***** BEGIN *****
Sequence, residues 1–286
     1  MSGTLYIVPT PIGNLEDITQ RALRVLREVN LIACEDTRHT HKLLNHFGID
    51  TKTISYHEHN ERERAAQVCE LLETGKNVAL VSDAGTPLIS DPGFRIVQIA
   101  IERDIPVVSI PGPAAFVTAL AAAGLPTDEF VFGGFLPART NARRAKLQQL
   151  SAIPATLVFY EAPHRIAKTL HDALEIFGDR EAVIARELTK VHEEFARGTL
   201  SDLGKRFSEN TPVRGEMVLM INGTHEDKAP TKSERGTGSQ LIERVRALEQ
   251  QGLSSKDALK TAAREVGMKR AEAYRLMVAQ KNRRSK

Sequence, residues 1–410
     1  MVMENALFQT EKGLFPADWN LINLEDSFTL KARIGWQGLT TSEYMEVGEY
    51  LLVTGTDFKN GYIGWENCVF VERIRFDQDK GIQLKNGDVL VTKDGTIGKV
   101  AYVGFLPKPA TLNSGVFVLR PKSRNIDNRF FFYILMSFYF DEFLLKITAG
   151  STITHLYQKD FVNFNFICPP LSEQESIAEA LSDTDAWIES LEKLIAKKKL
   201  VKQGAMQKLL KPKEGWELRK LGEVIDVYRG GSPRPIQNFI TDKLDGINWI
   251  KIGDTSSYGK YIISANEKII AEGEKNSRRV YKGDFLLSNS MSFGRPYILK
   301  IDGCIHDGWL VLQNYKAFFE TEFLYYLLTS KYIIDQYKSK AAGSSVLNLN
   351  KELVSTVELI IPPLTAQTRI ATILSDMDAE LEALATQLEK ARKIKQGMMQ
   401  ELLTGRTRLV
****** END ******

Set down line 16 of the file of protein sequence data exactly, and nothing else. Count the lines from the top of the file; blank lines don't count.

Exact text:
   351  KELVSTVELI IPPLTAQTRI ATILSDMDAE LEALATQLEK ARKIKQGMMQ